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More than a year after former Congresswoman Gwen Graham announced she’d likely run for Florida Governor in 2018, Graham officially launched her campaign at an event in Miami Tuesday.

Graham, a Democrat, hopes to follow in the footsteps of her father Bob Graham, who served two terms as Florida’s governor from 1979 to 1987.

“We do not have time for typical politics, because this is the time to paint Florida’s future in sharp lines and bold colors,” said Graham at her announcement.

Standing alongside her family and supporters, Graham said that after almost 20 years of a state government with “the wrong priorities for the wrong people,” she would renew Florida’s education system, environment and economy.

A former Leon County school administrator, Graham focused much of her remarks on education, pledging to support public schools and reform the state’s controversial standardized testing system. Graham also criticized the state’s system of handing out letter grades to schools, which she said “produce low self esteem and even lower expectations for our kids.”

“It is time to turn the tables on the Tallahassee politicians,” Graham said.

Graham announced her campaign next to Miami Carol City Senior High, where she spent a full workday on Monday alongside educators teaching students. The high school was where her father, former Governor Bob Graham, performed his first of many “workdays” in 1974.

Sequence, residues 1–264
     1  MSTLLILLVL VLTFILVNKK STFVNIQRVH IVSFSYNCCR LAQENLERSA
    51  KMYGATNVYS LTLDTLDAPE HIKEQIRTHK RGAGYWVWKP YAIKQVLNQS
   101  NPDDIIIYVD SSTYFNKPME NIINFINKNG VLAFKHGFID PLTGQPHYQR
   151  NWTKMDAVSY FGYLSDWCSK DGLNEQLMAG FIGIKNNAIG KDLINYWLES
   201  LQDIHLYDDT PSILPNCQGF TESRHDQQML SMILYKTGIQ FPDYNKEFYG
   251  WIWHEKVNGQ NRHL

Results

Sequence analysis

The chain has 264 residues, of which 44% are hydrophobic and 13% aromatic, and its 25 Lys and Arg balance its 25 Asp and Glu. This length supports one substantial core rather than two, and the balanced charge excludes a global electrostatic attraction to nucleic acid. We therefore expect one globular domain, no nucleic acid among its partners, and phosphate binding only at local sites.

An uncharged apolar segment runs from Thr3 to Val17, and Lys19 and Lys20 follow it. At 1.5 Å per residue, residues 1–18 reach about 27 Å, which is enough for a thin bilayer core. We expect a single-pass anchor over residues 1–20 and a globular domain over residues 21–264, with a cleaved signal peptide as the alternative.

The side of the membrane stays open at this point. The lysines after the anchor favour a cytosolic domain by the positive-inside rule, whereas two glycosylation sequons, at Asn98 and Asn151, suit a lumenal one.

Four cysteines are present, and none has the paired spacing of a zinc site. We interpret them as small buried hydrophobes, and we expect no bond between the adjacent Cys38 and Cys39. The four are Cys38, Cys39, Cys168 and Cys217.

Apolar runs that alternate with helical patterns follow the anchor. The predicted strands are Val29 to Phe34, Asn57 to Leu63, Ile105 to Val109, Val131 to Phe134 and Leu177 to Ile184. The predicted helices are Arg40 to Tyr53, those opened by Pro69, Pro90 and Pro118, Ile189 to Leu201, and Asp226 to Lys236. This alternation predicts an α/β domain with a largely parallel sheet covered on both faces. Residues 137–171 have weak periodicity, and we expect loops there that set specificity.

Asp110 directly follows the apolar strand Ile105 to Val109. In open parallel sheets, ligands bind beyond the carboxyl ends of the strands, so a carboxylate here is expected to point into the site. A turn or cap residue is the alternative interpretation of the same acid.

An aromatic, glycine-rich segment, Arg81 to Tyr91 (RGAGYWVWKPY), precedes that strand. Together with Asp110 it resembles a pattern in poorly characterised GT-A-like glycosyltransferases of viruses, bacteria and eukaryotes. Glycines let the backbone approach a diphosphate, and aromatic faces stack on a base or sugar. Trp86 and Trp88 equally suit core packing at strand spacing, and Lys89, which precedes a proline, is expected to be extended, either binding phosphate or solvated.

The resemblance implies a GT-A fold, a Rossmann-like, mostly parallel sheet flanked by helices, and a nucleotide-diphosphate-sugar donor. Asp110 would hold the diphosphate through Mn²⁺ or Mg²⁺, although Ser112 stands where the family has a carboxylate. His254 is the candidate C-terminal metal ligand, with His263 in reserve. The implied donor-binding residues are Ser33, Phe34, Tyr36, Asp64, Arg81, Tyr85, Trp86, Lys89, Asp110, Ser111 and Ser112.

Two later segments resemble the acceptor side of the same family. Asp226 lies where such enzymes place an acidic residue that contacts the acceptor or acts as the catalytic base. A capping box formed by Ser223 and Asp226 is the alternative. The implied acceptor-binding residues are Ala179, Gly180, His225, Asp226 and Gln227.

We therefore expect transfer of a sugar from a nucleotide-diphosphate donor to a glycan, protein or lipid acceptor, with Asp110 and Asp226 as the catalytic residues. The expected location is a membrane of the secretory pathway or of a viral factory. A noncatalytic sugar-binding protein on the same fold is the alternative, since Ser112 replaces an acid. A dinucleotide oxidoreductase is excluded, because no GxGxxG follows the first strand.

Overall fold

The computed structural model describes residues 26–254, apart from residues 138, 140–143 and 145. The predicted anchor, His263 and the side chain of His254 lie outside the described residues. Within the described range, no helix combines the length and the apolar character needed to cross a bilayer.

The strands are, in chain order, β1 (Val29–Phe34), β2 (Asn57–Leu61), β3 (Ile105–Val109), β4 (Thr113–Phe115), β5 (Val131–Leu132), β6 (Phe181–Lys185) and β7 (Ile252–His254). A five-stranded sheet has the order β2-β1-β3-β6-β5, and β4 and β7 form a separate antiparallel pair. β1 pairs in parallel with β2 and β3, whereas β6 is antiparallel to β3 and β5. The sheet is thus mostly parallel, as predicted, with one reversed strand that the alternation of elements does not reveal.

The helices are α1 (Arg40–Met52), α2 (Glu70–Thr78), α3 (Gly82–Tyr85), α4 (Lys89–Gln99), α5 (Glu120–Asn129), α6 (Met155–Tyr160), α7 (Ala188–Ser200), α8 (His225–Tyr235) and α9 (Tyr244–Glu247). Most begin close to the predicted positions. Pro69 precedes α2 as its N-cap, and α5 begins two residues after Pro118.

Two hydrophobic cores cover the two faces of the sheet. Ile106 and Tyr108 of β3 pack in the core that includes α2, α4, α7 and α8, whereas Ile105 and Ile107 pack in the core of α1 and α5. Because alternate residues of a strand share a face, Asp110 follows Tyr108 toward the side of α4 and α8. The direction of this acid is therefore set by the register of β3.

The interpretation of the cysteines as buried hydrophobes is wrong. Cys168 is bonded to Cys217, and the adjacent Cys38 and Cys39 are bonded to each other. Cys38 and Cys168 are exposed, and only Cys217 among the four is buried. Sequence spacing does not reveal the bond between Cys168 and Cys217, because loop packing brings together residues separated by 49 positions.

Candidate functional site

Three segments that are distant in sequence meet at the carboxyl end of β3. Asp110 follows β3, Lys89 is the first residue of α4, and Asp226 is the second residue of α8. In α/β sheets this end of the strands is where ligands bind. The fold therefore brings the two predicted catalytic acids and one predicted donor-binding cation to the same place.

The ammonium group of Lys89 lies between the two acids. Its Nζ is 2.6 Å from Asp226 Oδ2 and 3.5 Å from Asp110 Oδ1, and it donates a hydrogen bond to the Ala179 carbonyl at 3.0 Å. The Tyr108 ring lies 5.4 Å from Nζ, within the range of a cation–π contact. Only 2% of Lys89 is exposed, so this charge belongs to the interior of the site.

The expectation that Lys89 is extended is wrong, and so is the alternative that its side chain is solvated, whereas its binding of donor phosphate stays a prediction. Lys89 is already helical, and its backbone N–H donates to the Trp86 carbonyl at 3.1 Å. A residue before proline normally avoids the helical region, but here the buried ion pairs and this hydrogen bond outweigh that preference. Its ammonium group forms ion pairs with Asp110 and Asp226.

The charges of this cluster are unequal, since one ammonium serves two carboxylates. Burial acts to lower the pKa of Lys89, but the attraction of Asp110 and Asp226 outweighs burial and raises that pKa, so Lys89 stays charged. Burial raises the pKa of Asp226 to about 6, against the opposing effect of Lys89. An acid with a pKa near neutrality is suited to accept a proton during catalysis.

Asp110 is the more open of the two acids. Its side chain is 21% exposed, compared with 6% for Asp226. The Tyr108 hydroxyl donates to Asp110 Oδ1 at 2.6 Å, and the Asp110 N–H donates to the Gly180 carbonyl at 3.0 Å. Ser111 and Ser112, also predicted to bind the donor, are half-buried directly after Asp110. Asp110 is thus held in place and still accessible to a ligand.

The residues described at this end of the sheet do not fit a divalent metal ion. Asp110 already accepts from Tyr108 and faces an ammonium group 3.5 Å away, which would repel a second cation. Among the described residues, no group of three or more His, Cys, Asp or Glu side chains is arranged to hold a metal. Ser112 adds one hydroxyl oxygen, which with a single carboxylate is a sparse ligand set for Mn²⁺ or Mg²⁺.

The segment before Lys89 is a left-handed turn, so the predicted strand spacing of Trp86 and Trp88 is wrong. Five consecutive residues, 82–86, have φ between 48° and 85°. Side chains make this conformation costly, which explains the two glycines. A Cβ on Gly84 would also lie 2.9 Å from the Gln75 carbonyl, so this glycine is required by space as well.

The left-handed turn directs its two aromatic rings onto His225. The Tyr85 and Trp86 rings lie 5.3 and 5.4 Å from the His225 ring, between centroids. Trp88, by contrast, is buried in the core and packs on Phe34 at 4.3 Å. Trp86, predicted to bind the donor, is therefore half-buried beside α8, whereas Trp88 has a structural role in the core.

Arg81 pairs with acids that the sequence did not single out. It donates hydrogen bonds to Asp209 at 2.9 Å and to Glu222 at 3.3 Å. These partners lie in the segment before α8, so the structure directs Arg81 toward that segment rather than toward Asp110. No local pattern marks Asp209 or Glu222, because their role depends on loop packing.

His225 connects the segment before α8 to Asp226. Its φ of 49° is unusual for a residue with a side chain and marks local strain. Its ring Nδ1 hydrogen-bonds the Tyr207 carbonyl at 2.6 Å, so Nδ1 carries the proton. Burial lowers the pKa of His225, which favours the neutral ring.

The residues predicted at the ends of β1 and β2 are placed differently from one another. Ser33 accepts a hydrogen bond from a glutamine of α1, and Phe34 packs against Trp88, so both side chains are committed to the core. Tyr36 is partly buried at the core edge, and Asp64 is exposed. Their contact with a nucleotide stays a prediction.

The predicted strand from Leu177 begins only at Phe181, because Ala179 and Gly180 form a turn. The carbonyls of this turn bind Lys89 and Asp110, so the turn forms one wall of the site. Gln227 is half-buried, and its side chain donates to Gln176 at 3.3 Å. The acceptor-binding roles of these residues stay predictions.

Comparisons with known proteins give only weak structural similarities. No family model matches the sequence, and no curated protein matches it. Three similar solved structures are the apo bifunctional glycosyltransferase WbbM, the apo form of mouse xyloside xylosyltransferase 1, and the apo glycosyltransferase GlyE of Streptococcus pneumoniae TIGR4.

“As governor, I won’t just criticize this culture of teaching to the test. I will end it,” Graham said. “Because high-stakes standardized testing has led us to one-size-fits-all learning. Yet our children, parents and teachers are not one-dimensional. Our children, parents, and teachers are not standardized. I will work with the legislature, and do whatever it takes, including using the governor’s line-item veto to end high-stakes testing.”

Graham also outlined her vision for Florida’s economy and environment, calling on the state to raise the minimum wage, provide paid sick leave, invest in infrastructure, and diversify its economy.

“Instead of passing commonsense economic policies, like raising the minimum wage and paid sick leave, Rick Scott repeats, ‘Jobs, jobs, jobs!’ — as in you’ll need three jobs just to get by,” she said.

Graham, representing North Florida, served one term in Congress from 2015 to 2017. She chose not to run for reelection after a Republican-led redistricting plan changed the composition of her district to favor Republicans. She joins an increasingly crowded Democratic primary: Tallahassee Mayor Andrew Gillum and Orlando businessman Chris King have already launched their campaigns, and Miami Beach Mayor Philip Levine is also considering a run.

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